Breaking Stalls by Cutting Protein

Breaking stalls by cutting protein consumption is the wrong way to go. It might actually break a stall but not for the reason that might be thought.

A Thought Experiment

If you eat 50 grams extra of protein in a day it’s only 200 calories. Overeating protein doesn’t lead to weight gain (Too Much Protein?). It’s the additional fat that comes along with particular proteins that do that.

Try eating 200g of lean protein a day like the carnivore guys do. You won’t stall on 800 calories with 200g of lean protein. You will preserve lean body mass and lose a lot of weight. I am not advocating doing that just making the point that it’s not protein causing anyone to stall – it’s the fat that comes along with fatty meats.

In fact, that’s not all that much different than the Protein Sparing Modified Fast diets.

 

Eat Too Much Fat – Get Fat

Overfeeding studies are really interesting tests of boundaries. I’ve looked at studies which overfeed protein and showed that overfeeding protein doesn’t lead to weight gain (Too Much Protein?). I’ve looked at studies which show overfeeding carbs leads to weight gain (Carbs Make Me Fat? I Thought Fat Made Me Fat!).

But what about overeating fat? There are some in the keto community who imply that you can pretty much eat all the fat you want and still lose weight but it’s clearly not working for them (Fat Jimmy).

In a previous post (Does Fat Make You Fat?) I took a look at an n=1 case of Keto Savage who ate 4,000 calories of keto a day and gained a significant amount of body fat (from 4.3% body fat to 10.1% body fat in two months).

But, anecdotes aside, what does the actual science say? This study took a look at the question (T J Horton H Drougas A Brachey G W Reed J C Peters J O Hill. Fat and carbohydrate overfeeding in humans: different effects on energy storage. The American Journal of Clinical Nutrition, Volume 62, Issue 1, 1 July 1995, Pages 19–29). Here’s the abstract:

We overfed isoenergetic amounts (50% above energy requirements) of fat and carbohydrate (for 14 d each) to nine lean and seven obese men. A whole-room calorimeter was used to measure energy expenditure and nutrient oxidation on days 0, 1, 7, and 14 of each overfeeding period. From energy and nutrient balances (intake-expenditure) we estimated the amount and composition of energy stored.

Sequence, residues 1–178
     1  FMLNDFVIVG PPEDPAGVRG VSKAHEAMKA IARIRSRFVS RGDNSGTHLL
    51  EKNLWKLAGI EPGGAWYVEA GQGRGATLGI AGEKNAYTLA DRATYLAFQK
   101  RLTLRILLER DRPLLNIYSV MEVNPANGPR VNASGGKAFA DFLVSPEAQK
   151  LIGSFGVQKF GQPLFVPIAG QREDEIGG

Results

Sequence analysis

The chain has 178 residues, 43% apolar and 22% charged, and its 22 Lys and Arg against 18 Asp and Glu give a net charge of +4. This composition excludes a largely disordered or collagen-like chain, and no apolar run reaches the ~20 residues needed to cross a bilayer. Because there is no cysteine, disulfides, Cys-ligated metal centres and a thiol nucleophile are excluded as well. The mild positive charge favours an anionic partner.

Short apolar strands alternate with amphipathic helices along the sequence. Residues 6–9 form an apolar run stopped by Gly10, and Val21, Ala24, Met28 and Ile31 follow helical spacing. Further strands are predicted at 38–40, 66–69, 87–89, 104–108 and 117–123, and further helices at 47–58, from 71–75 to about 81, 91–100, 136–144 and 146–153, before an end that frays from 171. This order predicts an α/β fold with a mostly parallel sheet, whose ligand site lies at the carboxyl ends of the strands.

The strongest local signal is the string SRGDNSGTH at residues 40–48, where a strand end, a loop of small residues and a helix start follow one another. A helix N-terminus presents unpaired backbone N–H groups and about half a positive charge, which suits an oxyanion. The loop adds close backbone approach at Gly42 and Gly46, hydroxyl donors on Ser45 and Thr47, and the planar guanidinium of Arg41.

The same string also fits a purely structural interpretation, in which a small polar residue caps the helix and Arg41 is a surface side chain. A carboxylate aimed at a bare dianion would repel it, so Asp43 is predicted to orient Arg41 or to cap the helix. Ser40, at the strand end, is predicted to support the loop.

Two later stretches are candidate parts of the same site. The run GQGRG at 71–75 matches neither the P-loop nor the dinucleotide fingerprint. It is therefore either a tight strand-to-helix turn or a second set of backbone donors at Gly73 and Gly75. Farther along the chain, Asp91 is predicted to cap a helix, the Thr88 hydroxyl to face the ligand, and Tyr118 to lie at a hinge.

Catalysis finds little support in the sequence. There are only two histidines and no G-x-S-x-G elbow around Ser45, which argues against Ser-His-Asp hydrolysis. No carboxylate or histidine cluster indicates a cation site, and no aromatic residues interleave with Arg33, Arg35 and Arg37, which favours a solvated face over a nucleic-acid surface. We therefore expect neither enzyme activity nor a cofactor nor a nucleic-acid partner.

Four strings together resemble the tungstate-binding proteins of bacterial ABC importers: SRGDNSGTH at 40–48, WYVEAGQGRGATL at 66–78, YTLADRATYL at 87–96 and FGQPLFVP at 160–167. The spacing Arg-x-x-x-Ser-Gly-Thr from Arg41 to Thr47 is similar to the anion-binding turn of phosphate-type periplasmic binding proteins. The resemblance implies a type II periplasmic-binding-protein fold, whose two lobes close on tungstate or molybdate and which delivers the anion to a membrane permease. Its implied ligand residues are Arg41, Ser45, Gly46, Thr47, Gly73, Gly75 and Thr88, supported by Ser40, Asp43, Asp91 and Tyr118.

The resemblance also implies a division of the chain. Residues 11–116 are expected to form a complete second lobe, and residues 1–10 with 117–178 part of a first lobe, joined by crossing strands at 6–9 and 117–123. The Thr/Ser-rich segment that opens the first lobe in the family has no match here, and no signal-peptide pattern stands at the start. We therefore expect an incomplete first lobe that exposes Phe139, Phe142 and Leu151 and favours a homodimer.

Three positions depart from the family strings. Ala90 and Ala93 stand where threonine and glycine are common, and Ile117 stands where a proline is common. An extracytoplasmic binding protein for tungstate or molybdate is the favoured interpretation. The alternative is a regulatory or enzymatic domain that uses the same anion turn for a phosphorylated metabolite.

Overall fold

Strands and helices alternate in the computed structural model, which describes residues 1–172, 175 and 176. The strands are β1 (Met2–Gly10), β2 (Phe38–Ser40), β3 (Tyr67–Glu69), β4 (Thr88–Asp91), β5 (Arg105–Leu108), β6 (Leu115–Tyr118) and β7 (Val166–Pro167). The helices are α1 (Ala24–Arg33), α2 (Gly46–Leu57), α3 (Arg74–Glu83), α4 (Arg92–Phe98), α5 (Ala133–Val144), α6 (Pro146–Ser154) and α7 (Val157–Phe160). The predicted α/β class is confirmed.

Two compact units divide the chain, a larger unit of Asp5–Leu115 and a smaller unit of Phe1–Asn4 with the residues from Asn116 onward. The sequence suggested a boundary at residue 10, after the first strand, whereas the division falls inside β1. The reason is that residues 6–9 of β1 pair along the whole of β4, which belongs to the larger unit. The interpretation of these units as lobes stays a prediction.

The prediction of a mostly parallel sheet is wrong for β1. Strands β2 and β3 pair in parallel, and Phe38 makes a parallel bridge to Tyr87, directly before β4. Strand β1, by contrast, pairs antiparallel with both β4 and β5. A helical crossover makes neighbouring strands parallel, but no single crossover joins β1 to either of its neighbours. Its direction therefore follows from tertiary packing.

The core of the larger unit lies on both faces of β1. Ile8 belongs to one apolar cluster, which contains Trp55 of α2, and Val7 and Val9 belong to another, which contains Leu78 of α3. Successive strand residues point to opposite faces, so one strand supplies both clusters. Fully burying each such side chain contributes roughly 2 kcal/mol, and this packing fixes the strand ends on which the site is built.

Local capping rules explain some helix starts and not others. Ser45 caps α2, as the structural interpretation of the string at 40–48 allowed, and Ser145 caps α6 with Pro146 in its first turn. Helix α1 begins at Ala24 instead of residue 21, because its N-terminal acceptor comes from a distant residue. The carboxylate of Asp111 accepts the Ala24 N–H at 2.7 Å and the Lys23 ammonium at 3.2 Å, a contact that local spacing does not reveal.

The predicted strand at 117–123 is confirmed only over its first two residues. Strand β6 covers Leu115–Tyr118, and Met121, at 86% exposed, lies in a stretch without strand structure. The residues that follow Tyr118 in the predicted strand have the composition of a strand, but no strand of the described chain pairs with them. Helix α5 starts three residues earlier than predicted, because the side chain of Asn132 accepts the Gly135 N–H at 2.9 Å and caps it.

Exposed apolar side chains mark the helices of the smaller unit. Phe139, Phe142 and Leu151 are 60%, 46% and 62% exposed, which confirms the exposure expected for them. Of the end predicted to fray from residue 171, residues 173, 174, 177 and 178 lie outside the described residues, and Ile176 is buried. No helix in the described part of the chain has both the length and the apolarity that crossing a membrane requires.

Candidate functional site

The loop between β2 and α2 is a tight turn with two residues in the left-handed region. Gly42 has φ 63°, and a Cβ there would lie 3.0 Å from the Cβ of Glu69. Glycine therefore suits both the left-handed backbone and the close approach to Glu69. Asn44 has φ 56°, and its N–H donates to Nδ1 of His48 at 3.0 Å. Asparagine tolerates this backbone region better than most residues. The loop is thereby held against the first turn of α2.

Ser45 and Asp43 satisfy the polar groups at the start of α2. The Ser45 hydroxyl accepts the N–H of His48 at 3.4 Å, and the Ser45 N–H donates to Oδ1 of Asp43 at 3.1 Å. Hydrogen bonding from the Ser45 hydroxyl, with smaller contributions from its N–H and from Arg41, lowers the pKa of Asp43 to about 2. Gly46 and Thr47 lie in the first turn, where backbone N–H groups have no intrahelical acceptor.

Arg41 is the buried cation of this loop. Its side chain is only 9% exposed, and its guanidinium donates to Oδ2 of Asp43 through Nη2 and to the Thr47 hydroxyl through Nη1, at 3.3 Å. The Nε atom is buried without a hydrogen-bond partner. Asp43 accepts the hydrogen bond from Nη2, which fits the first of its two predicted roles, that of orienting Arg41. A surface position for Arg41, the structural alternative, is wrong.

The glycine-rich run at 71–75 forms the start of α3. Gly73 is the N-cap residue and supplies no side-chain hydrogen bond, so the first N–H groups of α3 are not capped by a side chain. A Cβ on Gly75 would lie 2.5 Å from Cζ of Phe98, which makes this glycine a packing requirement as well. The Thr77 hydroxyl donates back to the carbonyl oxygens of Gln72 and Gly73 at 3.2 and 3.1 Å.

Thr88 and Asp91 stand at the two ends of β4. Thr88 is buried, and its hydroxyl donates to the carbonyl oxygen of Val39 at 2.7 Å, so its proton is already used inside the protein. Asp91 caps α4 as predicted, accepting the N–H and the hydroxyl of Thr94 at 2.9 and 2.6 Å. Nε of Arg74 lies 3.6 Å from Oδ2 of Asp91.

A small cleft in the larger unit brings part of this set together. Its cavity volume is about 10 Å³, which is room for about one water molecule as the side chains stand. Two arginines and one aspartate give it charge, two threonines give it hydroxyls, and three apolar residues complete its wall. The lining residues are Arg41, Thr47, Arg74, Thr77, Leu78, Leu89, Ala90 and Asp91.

Carbohydrate overfeeding produced progressive increases in carbohydrate oxidation and total energy expenditure resulting in 75-85% of excess energy being stored.

Alternatively, fat overfeeding had minimal effects on fat oxidation and total energy expenditure, leading to storage of 90-95% of excess energy.

Excess dietary fat leads to greater fat accumulation than does excess dietary carbohydrate, and the difference was greatest early in the overfeeding period.

So the science seems pretty clear. If you eat extra fat in your diet it’s not coming off your stomach. At least in this study, overfeeding fat didn’t lead to a kicked up metabolism.

The reason low carb diets work is that they break the sugar addiction and hunger that goes along with the blood sugar roller coaster. The amount of fat you choose to eat in a day is your choice once the carb addiction is under control.

A  weakness of this study (from the keto perspective) is that the group that was overfed fat was not on a ketogenic diet. The argument could then be made that overfeeding fat and being very low carbohydrate at the same time is the magic formula but where is the science showing that? The Keto Savage (n=1) showed that high fat is not some magic formula for weight loss.